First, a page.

Walking isn’t much of an option either… the streets are so confusing, and a lot of them are only a few blocks long. I’ve spent hours looking for a place before. And the worst part is that when you ask a Thai directions, he/she will point you in some direction whether they know where the place is or not. I’m not sure whether it’s because they don’t want to be impolite by turning down your request for directions, or because they just want you to scram…


Anyhow, I think this concludes my rant about money, taxis, and other exciting stuff.

Uh oh…

Well folks, I got robbed.

I guess I was totally asking for it… I had my wallet sitting out on the table while I was eating (in the food court of the building where I’m studying, which had always seemed pretty chill…), and someone took it while I was looking the other way.

Thailand had felt really safe up until now, this is a real wake-up call to remind me that I’m in a third world country. Most of all, I feel pretty humiliated… it seems like several of the workers sitting there in their stalls would have had to see this happen. It feels like a conspiracy against the foreigner… no one was on my side to say “wtf are you doing?” And worst of all, I feel like that person probably hangs out there a lot… so I’ll be seeing them everyday and they’ll get to laugh knowing that they stole my wallet and I never figured them out.


Normally, I think that interracial couples are beautiful. But there’s one particular setup over here that just doesn’t sit right with me. Since I’ve been in Thailand, I’ve seen countless crusty old white men holding hands with young Thai women. It’s so gross! I swear, the group of expat men here is the most unimpressive, homely group of men I’ve ever seen in my life. And oh, do they love to brag about the amount of attention that they get from the young Thai women. Come on, they have to be aware that if they weren’t buying everything for them these women would shrink at their touch. What’s to brag about here? I feel really embarrassed for these poor dudes… I bet most of them had felt undesirable/incompetent with women their whole lives until they came here and experienced some positive attention (even if it is contrived!) It’s an embarrassment for everyone involved, really.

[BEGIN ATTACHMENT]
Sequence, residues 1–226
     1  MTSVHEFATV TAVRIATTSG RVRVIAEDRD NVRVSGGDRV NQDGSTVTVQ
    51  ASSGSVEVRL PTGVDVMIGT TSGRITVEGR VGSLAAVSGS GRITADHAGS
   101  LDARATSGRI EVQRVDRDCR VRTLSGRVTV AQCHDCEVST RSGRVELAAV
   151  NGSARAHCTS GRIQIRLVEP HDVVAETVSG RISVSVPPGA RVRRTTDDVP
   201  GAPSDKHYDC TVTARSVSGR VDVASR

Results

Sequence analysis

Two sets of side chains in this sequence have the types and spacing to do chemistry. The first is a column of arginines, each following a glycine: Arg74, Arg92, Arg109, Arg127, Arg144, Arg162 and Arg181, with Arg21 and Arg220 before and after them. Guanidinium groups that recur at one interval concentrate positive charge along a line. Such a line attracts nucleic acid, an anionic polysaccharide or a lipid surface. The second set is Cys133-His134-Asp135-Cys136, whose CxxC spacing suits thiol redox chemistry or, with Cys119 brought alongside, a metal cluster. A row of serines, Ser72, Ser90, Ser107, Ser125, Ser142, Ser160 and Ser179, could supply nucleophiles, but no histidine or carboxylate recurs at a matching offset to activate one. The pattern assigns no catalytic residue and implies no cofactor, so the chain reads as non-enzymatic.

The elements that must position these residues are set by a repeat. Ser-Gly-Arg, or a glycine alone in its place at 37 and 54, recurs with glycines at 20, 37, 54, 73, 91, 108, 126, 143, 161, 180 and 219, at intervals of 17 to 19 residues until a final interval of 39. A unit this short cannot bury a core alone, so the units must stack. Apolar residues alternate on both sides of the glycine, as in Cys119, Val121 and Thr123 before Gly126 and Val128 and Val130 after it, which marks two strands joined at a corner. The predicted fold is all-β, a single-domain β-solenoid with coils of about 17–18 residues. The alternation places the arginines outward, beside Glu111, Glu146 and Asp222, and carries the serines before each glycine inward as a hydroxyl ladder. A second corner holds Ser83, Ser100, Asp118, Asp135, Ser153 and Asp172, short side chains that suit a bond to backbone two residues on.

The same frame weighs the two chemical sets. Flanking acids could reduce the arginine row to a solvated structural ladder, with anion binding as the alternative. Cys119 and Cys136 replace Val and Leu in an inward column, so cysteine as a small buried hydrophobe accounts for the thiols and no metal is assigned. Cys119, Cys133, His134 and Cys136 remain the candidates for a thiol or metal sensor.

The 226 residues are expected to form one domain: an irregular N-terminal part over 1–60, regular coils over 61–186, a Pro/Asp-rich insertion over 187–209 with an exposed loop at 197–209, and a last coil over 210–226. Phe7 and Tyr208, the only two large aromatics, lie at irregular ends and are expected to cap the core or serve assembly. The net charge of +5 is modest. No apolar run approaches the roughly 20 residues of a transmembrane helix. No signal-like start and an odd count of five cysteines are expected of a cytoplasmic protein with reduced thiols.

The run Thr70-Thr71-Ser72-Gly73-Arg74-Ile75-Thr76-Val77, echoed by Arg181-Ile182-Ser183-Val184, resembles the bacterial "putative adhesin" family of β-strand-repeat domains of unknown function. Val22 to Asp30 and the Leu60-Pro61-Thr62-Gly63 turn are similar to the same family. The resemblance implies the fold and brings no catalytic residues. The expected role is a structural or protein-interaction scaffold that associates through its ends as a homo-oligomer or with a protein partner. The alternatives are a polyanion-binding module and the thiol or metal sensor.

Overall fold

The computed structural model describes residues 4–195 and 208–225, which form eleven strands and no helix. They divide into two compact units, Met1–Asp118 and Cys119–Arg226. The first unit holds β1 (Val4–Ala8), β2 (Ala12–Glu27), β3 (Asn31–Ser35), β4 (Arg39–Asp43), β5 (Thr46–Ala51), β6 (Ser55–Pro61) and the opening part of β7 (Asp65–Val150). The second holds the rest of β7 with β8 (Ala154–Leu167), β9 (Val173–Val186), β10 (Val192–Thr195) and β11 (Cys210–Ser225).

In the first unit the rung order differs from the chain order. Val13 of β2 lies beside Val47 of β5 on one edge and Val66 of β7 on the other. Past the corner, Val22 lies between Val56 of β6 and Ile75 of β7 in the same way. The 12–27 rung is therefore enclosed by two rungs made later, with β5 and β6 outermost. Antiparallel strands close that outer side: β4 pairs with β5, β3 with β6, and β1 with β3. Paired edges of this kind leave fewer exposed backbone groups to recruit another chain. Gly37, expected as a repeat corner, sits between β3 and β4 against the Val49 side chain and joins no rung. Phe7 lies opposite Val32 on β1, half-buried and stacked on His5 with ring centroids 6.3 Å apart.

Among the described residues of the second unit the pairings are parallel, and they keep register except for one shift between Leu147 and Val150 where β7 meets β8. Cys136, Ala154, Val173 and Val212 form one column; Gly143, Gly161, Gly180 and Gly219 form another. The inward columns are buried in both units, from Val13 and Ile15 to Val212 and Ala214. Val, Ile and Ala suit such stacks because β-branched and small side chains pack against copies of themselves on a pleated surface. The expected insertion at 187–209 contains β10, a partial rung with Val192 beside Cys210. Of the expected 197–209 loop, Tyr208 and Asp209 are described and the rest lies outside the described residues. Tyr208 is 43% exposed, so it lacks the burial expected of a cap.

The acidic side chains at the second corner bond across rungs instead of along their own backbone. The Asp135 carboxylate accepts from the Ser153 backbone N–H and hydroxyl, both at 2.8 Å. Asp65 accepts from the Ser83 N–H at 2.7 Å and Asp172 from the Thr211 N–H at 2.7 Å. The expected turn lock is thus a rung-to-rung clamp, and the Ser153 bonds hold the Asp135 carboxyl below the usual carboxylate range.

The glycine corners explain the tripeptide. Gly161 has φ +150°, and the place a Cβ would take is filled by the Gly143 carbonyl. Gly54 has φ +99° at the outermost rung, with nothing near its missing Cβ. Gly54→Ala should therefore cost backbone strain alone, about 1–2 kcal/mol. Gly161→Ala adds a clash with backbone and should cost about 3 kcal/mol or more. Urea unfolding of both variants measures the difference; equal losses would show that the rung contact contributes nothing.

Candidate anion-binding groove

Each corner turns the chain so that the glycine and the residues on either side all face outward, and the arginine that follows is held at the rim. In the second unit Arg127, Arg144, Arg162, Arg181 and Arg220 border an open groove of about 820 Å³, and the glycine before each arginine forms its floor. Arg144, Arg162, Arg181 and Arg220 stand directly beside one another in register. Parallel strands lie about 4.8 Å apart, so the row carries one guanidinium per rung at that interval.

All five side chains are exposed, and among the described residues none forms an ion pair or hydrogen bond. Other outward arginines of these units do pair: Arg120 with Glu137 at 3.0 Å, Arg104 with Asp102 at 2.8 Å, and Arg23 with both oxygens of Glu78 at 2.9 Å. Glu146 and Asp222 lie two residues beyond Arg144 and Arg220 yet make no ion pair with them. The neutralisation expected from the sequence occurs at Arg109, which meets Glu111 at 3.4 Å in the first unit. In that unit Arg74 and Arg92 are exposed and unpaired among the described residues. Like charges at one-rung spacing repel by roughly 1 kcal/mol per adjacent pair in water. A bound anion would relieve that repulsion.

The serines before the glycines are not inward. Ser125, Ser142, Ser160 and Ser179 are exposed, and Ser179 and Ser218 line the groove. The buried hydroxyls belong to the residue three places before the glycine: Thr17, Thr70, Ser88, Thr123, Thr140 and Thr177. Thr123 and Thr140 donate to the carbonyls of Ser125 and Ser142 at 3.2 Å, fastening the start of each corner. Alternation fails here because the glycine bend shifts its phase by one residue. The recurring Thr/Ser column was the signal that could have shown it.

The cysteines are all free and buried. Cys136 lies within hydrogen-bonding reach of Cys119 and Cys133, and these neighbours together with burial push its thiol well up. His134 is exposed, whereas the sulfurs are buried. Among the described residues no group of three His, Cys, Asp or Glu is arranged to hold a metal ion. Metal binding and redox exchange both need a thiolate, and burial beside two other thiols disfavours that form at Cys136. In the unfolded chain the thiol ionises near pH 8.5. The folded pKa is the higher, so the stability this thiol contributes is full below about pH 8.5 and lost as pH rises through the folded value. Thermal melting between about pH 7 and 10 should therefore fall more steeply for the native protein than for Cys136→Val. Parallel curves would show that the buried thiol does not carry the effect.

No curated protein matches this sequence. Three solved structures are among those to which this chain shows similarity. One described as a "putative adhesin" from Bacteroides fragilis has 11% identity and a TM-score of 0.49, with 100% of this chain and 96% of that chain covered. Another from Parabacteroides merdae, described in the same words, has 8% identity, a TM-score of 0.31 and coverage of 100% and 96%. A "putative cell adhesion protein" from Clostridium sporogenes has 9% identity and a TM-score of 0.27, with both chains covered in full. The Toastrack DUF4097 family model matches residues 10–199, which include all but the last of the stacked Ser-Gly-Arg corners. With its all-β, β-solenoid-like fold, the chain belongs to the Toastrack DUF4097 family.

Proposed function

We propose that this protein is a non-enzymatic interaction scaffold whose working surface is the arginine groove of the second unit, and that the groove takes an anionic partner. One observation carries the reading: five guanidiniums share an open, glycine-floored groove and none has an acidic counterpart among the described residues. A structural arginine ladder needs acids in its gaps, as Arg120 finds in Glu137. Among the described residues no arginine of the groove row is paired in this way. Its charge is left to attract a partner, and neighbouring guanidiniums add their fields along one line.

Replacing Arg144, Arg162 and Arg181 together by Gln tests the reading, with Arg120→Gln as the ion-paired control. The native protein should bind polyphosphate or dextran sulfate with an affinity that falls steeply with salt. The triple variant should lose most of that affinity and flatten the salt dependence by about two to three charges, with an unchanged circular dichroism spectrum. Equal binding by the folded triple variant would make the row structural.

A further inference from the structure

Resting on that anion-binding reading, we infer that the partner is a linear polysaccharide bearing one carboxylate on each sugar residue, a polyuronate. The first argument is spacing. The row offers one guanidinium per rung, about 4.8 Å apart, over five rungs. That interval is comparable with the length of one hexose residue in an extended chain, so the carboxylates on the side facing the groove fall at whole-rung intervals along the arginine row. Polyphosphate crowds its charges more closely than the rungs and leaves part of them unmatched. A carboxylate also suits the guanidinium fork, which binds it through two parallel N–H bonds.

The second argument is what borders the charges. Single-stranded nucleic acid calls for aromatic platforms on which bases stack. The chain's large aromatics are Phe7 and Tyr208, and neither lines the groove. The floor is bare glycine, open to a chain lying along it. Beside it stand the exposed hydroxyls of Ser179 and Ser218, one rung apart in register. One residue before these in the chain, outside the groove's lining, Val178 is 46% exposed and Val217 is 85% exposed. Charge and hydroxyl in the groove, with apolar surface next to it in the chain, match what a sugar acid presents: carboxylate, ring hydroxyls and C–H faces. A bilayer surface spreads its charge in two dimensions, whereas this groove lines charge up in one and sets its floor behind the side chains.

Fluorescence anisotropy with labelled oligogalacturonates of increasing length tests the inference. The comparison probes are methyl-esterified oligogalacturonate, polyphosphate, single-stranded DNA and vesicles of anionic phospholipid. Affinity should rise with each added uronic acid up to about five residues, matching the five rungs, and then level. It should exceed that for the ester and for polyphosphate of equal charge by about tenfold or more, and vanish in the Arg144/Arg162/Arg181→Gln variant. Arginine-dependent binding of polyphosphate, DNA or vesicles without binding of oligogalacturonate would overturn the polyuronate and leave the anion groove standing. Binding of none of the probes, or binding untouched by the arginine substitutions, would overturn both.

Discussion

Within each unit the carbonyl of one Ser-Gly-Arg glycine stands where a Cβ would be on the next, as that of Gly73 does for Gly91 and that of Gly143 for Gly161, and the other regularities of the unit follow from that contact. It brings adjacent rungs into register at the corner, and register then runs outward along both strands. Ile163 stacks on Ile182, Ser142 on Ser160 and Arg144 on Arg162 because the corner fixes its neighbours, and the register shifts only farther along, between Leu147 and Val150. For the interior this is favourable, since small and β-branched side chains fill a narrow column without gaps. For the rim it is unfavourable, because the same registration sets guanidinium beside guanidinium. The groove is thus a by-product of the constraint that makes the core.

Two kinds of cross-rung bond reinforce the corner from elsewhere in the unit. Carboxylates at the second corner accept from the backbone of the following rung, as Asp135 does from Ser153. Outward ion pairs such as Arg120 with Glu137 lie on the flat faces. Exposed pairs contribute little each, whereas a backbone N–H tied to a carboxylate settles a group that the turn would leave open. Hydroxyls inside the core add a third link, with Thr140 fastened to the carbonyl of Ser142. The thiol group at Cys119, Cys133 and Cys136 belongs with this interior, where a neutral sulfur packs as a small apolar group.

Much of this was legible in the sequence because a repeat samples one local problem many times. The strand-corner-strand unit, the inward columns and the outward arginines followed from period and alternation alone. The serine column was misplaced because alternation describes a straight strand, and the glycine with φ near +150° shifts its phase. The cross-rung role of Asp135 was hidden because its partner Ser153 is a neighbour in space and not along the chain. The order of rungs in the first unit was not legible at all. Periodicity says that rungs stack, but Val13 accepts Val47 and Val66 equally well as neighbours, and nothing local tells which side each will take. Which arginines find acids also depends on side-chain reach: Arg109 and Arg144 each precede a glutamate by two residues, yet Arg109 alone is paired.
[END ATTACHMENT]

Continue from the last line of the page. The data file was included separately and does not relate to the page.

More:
They can go ahead and have their fun I suppose, the women are just as responsible for perpetrating this system… All the same, I wish these creeps wouldn’t then get such an inflated view of themselves that they start looking at EVERY woman around here like they are goods in a market that can be bought for the right price. Or to get the idea that every unremarkable comment they make should amaze any woman, because we’re all dumb/helpless. A few bucks may have you spoiled over here, but never forget that in the rest of the world you were just a nasty old sketcher.

Thai Food

Where to even start. The food here is amaaaaazing!



The streets are filled with restaurants– most people in the city, from what I can tell, eat out pretty much every meal. Ingredients at the market end up being more expensive than having someone cook for you. Noodle stalls are really popular– vendors display their ingredients in a glass case and you decide what type of noodles and meat you want in a pre-made broth. Roasted meat, fish balls, and fresh fruit are also popular stands. Then there are my favorite stands, which have 5-10 dishes laid out on a table and you pick whichever one looks the most interesting. Although I often don’t recognize the ingredients, it often turns out to be something yummy, like fish and Thai eggplant in sweet coconut milk broth. Though, I got this dish the other night, and I would challenge you to tell me what kind of meat was in there. I’m pretty sure it was something like praying mantis, or snail. It was unreal.